The upcoming blizzard is not only the talk of the town - it reminds him of his Tri-State past.
"The last time I heard of a storm this bad was back in 2004 when Evansville had the massive storm, and ironically enough, was on one of the last flights out of Evansville," Crowley said.
The Tri-State snowstorm of 2004 produced 22 to 24 inches of snow. The New England blizzard could produce 24 to 30 inches. That's an additional 6 to 8 inches from 2004.
"People are definitely taking it seriously," Crowley said. "I think the things that really changed people's mindsets was earlier (Friday) when the Governor said everyone has to be off the roads at 4pm."
With a storm of this magnitude, multiple threat will develop.
For Crowley, who lives close to the coast, it's the wind - which will roar to over 70 mph.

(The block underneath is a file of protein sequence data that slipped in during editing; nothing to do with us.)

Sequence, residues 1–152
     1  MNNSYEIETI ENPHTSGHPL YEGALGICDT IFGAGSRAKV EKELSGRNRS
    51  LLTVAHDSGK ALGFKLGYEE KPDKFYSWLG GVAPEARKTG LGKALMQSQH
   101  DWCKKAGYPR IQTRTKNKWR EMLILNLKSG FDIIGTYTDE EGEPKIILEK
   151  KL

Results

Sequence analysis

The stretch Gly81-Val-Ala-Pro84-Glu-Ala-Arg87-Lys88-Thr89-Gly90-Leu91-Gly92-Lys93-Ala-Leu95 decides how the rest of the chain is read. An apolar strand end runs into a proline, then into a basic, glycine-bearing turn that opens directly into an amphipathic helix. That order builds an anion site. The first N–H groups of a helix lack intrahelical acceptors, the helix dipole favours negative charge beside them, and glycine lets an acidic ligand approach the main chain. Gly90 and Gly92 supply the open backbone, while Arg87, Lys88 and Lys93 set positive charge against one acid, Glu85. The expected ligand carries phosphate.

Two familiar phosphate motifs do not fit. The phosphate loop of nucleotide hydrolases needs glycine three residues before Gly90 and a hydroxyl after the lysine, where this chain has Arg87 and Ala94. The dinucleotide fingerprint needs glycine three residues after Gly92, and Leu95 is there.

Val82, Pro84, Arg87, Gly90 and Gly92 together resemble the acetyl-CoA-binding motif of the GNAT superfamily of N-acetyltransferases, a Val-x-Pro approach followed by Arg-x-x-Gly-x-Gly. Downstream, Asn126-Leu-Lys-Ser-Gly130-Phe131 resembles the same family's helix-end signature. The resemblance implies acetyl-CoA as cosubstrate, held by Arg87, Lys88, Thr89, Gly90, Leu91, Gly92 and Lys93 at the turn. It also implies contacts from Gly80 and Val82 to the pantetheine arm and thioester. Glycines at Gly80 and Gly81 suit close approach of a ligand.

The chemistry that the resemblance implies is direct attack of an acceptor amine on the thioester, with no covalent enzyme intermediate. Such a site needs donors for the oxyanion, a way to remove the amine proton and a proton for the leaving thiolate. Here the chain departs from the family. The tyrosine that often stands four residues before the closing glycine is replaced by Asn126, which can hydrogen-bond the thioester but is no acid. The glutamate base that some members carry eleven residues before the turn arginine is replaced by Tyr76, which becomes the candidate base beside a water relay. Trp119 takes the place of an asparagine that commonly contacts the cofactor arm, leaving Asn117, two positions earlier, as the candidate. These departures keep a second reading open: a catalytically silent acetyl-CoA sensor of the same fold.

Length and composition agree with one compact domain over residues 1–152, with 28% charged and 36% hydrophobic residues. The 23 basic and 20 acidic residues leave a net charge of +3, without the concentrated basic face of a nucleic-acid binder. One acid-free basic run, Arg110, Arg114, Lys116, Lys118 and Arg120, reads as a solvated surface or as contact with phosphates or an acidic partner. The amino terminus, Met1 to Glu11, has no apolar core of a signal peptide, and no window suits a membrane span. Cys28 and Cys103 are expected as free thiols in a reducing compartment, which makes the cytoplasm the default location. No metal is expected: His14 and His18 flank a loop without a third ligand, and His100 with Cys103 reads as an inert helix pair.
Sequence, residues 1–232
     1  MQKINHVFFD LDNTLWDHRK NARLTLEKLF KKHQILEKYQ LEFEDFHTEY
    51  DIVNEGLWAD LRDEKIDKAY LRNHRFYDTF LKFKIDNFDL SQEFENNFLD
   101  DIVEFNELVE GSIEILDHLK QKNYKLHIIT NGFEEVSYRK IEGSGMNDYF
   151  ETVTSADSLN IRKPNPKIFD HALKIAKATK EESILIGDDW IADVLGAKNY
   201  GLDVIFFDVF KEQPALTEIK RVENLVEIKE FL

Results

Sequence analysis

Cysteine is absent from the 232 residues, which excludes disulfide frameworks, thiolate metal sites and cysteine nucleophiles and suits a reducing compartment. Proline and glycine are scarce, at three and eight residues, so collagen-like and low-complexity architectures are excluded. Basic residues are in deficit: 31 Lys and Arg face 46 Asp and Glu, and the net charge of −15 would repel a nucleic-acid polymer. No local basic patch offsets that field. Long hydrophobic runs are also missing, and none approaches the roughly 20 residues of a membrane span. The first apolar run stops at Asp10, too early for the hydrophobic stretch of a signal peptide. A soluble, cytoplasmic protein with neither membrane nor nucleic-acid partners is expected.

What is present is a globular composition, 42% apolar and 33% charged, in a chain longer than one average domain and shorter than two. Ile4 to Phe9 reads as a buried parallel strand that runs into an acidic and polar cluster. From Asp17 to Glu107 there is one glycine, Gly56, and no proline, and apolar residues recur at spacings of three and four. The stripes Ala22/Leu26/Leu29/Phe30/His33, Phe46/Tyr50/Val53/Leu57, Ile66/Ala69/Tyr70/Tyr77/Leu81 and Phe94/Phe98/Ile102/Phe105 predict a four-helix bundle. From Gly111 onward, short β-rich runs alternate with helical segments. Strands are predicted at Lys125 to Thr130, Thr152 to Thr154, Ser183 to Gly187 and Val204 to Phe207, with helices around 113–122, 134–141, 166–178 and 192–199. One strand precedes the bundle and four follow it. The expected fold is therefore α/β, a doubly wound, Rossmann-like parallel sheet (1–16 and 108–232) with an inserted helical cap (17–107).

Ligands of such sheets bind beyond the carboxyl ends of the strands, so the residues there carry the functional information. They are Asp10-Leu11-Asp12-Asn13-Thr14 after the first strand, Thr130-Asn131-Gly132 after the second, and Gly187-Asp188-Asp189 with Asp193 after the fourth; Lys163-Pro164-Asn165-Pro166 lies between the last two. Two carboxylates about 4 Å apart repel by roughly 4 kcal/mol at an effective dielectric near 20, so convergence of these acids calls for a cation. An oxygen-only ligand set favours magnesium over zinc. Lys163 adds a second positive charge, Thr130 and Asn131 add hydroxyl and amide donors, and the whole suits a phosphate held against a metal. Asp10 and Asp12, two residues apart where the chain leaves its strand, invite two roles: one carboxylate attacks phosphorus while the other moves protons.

"The winds are really going to be bad," Crowley said. "Anytime you have a situation like that with high winds coupled with the tide patterns, it could mean a lot of trouble in the coastal areas. There are specific areas right along the coast that have been told to evacuate."
But for Nancy Osgood in the western suburbs of Boston, it's the heavy snow. Up to 3 feet of snow is possible there.
"I'm in early 50s and I don't remember being told we're going to have 3 feet of snow," Osgood said. "I don't remember anything like this at all."
Despite the shutdown of one of the largest metro areas in the country, New Englanders will be doing what they do best - shoveling out the day after.
"This is winter in New England," Osgood said. "It's kind of what it's supposed to be. I'm not thinking about moving or concerned about an early Spring.
"We'll just have to deal with what we have."